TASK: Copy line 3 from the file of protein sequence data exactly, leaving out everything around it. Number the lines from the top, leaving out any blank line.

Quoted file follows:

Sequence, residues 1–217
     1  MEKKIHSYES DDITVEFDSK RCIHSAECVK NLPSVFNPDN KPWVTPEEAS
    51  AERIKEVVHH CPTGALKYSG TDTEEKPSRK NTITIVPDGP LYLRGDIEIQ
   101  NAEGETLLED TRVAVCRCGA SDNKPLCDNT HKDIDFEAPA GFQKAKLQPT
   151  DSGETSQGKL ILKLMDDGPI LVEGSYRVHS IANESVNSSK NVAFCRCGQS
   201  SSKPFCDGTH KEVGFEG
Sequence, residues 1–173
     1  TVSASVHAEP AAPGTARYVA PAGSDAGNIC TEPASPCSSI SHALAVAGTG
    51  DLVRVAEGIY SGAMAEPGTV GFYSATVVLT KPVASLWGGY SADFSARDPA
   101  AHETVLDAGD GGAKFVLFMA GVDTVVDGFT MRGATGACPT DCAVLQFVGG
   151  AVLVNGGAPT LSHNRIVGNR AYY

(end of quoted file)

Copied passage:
    51  AERIKEVVHH CPTGALKYSG TDTEEKPSRK NTITIVPDGP LYLRGDIEIQ